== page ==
Art/Design student requesting help.

Discussion in 'Sailboats' started by PatrickH, Aug 9, 2015.

  1. WhiteDwarf
    Joined: Jun 2011
    Posts: 131
    Likes: 5, Points: 18, Legacy Rep: 80
    Location: Sydney

    WhiteDwarf White Dwarf

    Patrick,

    In summary, you have been “Press Ganged” into designing a sailing craft but you have no knowledge of the subject, and probably little interest. Your drawing suggests you have in mind, a length of 20’ and a beam of 8’. You have given no other information, but reading the drawing suggests heavy displacement, ie a weight carrying design not a fast craft. Your assignment will have the design tested at a scale of 1:12 or 1’ 8”.

    Please understand that a number of the participants in this forum who have responded to you are highly experienced designers, boatbuilders and sailors. They have directed to you appropriate publications because, design is to these people with decades of experience a matter literally of life or death. That is there duty, because bad design at full scale - kills.

    If this forum is to be helpful to you; and there have been broadly similar requests from many students in the past, most perhaps more marine orientated than yourself, you have to do some of the work, or at least make the key decisions.

    Is your craft, if it were built full scale, to be load carrying, or light and perhaps as PAR suggests radical? Be warned, 99.9% of the good ideas have already been had. The genius of the great designers is not necessarily to come up with something completely novel, it is to combine existing ideas in new and better ways, then perhaps add the 0.1% special. It’s strange, but that which works well usually looks good, too.

    Some basic rules of thumb for a non-designer…

    1. Both wind and water flow, neither like going around sharp corners.
    2. Wind is air moving and air has mass. That is where your energy comes from, turbulence is wasted energy.
    3. A viable sailing craft must be able to sail up wind (or to use sailor speak “to windward”). That will require resistance to the sideways push of the wind.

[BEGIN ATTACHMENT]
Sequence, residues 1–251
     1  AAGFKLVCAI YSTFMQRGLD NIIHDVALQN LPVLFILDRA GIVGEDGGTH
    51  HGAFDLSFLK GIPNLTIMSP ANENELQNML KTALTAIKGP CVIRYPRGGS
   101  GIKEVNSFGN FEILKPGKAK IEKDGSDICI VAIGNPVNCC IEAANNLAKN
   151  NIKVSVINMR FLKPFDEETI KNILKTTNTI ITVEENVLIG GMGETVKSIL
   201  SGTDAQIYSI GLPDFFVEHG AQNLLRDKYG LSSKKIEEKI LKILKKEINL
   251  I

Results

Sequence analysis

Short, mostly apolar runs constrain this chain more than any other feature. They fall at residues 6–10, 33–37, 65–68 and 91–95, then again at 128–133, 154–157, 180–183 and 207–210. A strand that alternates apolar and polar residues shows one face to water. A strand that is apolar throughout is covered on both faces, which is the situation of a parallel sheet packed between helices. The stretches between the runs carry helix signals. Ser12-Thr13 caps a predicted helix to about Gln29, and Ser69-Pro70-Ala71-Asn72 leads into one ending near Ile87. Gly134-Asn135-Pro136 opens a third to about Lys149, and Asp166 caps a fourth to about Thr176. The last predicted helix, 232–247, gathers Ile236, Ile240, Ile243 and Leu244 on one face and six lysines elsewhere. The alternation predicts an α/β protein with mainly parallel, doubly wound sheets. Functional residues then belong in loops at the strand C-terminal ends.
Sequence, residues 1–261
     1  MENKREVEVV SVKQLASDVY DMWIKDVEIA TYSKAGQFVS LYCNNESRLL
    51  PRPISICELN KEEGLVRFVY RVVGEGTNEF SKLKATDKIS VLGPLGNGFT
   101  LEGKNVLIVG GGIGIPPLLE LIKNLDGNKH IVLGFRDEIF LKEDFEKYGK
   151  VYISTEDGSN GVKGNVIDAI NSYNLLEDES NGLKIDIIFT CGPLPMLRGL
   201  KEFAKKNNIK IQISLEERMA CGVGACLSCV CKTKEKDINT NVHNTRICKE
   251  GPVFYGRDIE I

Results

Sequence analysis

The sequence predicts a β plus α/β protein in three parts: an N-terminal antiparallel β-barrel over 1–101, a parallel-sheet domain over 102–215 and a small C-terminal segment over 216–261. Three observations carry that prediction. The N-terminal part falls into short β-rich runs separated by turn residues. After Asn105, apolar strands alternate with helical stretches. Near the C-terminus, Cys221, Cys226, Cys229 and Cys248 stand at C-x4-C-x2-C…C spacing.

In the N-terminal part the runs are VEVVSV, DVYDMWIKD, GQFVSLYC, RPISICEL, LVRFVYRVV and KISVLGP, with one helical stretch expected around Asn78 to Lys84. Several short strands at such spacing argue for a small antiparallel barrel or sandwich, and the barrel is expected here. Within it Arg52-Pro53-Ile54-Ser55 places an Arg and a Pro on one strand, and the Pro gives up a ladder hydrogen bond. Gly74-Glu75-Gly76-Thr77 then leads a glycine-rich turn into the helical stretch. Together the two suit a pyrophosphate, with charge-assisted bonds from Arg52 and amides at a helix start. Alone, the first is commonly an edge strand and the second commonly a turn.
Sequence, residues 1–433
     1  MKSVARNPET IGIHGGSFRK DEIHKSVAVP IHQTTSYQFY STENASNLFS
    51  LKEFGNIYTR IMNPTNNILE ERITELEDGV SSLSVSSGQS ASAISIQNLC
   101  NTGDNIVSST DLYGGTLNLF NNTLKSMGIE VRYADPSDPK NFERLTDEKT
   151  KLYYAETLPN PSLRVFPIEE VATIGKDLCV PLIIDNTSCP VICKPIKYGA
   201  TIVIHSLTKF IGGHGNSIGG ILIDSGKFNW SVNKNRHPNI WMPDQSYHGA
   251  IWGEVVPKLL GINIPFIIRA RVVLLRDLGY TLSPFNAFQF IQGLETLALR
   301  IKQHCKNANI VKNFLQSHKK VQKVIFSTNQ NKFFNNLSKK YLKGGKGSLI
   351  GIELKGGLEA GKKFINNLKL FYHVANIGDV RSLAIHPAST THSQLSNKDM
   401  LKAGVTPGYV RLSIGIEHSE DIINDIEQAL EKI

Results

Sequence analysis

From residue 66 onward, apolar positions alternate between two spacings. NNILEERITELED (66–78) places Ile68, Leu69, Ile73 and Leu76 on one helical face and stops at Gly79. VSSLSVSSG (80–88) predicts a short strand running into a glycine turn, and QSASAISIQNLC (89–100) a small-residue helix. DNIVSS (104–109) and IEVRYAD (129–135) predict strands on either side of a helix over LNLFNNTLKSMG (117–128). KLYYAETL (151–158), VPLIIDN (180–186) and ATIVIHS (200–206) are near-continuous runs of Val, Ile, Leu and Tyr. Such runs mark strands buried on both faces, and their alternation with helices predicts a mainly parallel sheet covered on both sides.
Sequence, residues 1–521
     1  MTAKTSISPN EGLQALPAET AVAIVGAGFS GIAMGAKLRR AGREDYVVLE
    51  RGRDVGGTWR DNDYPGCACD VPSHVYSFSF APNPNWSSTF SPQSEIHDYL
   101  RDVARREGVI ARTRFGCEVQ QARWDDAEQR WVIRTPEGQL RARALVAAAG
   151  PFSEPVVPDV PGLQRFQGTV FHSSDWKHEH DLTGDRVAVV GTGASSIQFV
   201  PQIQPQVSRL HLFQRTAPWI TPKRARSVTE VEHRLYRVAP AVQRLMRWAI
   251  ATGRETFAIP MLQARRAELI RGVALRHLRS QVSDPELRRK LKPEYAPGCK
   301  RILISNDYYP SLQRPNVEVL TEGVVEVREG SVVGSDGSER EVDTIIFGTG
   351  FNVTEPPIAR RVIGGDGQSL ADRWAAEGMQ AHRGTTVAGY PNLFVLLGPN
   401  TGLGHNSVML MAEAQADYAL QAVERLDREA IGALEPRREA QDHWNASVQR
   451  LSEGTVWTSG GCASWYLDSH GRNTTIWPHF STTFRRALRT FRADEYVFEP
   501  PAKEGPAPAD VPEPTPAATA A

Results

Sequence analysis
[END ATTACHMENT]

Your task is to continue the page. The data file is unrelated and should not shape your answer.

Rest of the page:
4. The sideways push of the wind will attempt to heel the craft. Stability will be needed to counterbalance that force. This can come from weight below the hull, or from hull shape as one side of the hull is pushed down and the other lifted, or from human weight moving to balance the boat.

    All that requires you to make decisions. Then, to allow you to communicate your ideas, you need to look at plans, there are many on the internet and understand the way in which they represent a hull in 3 dimensions. Make your decisions, as if you were building a full size craft, that is how it appears your assessment will work, then having reviewed other sets of plans, draw a suitable sketch and post it. PAR and others who have responded to you are outstanding sources of knowledge and you will then have put them in a position to give you advice.

    For a diverse range of plans, look up Selway Fisher, Paul Gartside or Tom Dunderdale of Campion Sail and Design or PAR's own designs.
     

  2. bhnautika
    Joined: Feb 2006
    Posts: 850
    Likes: 57, Points: 38, Legacy Rep: 571
    Location: australia

    bhnautika Senior Member

    PatrickH If you want to start moving on with this I am happy to help with advice and comment, you can PM me.
     
Loading...
Forum posts represent the experience, opinion, and view of individual users. Boat Design Net does not necessarily endorse nor share the view of each individual post.
When making potentially dangerous or financial decisions, always employ and consult appropriate professionals. Your circumstances or experience may be different.